Cheers to the happy family!

  • V N Sivakumar

    Happy Anniversary Mark….Hope you had a wonderful time. These kind of posts also are necessary for all of us apart from the regular ones which you write. You had proposed it so well to you wife, that if most of us follow it then the life will always be joyous. Siva

  • David Smuts

    The self-help themes are pretty cool Mark, makes for interesting content beyond the hardcore business stuff. Congrats on the anniversary too!

  • KenMcArthur

    You are a lucky man Mark. Congratulations on all your success.

    I'll be 102 years old when you celebrate your 50th wedding anniversary. Would love to be there for that one!

    All the best,


  • Tereza

    Not sure I even need to mention that I think Tania is utterly fabulous too! My digicarpathian Wharton twin sistah, LOL.

    Hey, you're pretty awesome too! 😉

    Happy anniversary, Suster Family!

  • Jan Schultink

    Congratulations and thank you for sharing this personal story.

    Maybe it is the sequence of your life events:
    Beach front home – London – finding your life partner

    My sequence:
    Finding your life partner – London – beach front home

    Still loving the sound of those waves crashing 7 years later :-)

  • davidblerner

    what a mensch!! i am not surprised…. all the best to you and congrats!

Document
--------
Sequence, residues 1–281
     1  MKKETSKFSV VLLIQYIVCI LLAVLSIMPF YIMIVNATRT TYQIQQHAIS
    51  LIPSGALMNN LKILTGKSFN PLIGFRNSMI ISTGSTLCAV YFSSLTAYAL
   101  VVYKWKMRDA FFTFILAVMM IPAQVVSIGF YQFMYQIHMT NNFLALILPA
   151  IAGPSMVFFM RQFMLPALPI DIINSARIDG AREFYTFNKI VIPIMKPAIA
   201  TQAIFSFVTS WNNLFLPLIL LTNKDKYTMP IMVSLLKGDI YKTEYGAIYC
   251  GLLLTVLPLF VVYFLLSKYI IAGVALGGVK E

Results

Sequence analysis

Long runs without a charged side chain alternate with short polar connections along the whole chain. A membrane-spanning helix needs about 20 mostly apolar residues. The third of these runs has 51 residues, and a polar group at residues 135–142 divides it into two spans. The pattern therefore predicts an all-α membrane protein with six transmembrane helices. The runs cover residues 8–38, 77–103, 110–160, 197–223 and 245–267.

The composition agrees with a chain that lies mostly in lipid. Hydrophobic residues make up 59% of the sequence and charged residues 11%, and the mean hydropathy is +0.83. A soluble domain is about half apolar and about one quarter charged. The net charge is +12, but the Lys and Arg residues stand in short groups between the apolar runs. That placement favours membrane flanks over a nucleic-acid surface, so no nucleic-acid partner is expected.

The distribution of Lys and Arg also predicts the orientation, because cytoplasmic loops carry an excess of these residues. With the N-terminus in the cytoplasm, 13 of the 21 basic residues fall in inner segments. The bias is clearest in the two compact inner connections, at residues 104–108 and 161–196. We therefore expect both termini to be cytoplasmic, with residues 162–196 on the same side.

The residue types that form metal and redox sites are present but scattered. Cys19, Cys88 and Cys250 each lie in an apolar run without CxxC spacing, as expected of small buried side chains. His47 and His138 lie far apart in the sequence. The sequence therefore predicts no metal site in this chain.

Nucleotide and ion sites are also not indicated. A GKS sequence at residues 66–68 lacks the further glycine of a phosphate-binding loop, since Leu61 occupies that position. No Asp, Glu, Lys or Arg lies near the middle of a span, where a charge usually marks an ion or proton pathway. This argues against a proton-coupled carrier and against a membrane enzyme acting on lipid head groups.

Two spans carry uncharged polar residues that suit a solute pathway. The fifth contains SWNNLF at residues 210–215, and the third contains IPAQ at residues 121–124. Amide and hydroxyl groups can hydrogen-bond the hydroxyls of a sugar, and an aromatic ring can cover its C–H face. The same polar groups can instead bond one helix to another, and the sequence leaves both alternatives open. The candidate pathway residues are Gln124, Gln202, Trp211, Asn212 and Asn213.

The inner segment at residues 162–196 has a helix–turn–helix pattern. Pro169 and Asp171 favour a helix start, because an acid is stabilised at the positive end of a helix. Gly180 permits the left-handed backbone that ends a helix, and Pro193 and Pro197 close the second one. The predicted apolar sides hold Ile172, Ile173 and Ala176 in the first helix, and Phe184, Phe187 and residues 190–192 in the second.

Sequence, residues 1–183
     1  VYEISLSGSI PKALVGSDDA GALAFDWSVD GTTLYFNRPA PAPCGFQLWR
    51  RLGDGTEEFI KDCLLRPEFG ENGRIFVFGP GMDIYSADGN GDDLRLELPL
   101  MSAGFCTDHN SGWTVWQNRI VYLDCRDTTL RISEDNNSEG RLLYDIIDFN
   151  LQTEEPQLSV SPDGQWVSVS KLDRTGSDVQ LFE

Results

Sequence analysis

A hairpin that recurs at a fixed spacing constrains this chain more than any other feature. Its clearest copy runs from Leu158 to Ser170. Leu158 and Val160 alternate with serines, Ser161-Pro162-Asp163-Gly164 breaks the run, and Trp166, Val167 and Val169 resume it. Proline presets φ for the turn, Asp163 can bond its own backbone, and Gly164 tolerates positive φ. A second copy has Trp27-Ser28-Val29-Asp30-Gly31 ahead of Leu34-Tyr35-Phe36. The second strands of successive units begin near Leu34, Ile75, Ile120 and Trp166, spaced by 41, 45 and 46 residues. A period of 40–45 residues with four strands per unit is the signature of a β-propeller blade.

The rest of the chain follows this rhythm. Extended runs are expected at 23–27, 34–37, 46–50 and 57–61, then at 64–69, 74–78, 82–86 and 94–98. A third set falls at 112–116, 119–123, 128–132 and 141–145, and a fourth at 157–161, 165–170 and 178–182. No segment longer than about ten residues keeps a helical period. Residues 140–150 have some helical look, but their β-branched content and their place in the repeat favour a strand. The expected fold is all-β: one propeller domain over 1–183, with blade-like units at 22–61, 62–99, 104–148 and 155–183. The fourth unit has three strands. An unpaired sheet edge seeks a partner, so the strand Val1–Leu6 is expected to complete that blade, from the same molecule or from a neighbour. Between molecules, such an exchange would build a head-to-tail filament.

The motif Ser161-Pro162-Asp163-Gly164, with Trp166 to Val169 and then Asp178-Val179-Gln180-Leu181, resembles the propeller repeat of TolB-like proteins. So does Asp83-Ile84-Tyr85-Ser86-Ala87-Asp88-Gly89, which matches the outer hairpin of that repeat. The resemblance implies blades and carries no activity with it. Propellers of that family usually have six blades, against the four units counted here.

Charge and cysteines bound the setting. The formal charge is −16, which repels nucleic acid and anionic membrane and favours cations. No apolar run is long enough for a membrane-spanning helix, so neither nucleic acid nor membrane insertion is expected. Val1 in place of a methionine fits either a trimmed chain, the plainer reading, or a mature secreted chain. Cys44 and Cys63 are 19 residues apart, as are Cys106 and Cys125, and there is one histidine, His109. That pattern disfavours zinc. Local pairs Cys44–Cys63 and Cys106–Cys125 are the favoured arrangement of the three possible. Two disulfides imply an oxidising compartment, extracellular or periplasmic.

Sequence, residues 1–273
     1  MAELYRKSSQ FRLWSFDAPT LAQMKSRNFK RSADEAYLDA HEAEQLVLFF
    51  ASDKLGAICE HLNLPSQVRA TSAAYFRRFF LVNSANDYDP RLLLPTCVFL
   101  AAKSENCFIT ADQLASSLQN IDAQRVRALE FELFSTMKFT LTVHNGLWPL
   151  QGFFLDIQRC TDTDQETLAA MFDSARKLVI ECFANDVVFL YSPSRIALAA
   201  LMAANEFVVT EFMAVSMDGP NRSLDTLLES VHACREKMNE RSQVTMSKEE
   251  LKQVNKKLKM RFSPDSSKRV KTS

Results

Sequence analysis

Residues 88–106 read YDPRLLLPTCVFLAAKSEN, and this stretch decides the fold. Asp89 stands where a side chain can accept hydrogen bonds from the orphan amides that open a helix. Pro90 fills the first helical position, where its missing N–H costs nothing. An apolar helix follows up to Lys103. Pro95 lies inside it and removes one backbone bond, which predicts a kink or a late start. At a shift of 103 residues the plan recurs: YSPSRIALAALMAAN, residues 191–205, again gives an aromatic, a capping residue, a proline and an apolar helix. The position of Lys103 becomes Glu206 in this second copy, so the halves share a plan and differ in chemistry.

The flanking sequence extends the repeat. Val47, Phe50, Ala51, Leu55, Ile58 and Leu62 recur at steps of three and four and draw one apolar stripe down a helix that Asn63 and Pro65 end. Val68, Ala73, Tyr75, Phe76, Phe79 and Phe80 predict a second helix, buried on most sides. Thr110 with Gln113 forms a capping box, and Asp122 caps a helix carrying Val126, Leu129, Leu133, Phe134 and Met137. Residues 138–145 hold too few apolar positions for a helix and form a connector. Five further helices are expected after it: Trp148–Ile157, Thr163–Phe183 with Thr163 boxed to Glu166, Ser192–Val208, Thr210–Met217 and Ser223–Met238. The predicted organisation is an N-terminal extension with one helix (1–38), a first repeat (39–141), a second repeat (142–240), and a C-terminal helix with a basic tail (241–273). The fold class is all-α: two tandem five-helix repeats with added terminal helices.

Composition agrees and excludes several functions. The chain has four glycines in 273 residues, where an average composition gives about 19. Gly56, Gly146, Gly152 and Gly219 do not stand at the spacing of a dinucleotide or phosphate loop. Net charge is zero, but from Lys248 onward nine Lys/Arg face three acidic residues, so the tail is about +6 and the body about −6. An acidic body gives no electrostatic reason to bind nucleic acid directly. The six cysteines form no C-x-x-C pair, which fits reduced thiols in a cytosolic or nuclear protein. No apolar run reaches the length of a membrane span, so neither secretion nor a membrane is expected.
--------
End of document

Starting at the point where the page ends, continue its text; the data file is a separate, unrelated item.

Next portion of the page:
• Nitin Mittal

    Thanks for the post and for sharing. This and your previous post provided much need prospective. It is so easy to get caught up in the daily grind. Please be sure to keep your writing this well-balanced between life and work.

  • Marital Mediation

    Happy anniversary!

    We've enjoyed your blog for the tech startup angle, now you've given us a post which fits our mission exactly.

  • Nicky Hajal

    Mark, happy anniversary and thanks for the honest, heartfelt piece!

    Something I would add is that a lot of the things you mentioned weren't so small – relationships, spectacular scenery and architecture, etc.

    I don't have those things in my life right now, but I do have other things less grand that I appreciate just as much (and need to remember to down the road). Things like being able to go for a walk and think through things, having control of what I work on, the beauty of even just the ordinary nature around me – and none of that is mentioning the basics like shelter, food and so on!

    It's understandable that we get wrapped up in our day-to-day lives, but man there is always so much to be appreciative of.

    Thanks man, enjoy!

  • laurenporat

    Mark – this post is reason #427 I constantly feel as though you are speaking *directly* to me on this blog. Show tunes and sleeping faces? Love it. (I have 2 boys myself – 3 if you include my husband and 4 kids in total including my business :) )

  • jamespatterson2

    Perspective matters. We need more posts like yesterday and today. As the perils of bringing up a database are facing me last Sunday, I played with my nephew, Samuel, in from St. Louis. He was born last year at 21 weeks, a mere 20 ounces, about the length of your index finger. Sixteen months later, he's breathing normally (even has some lung capacity), a strong crawler (almost walking), and definitely has his wits about him.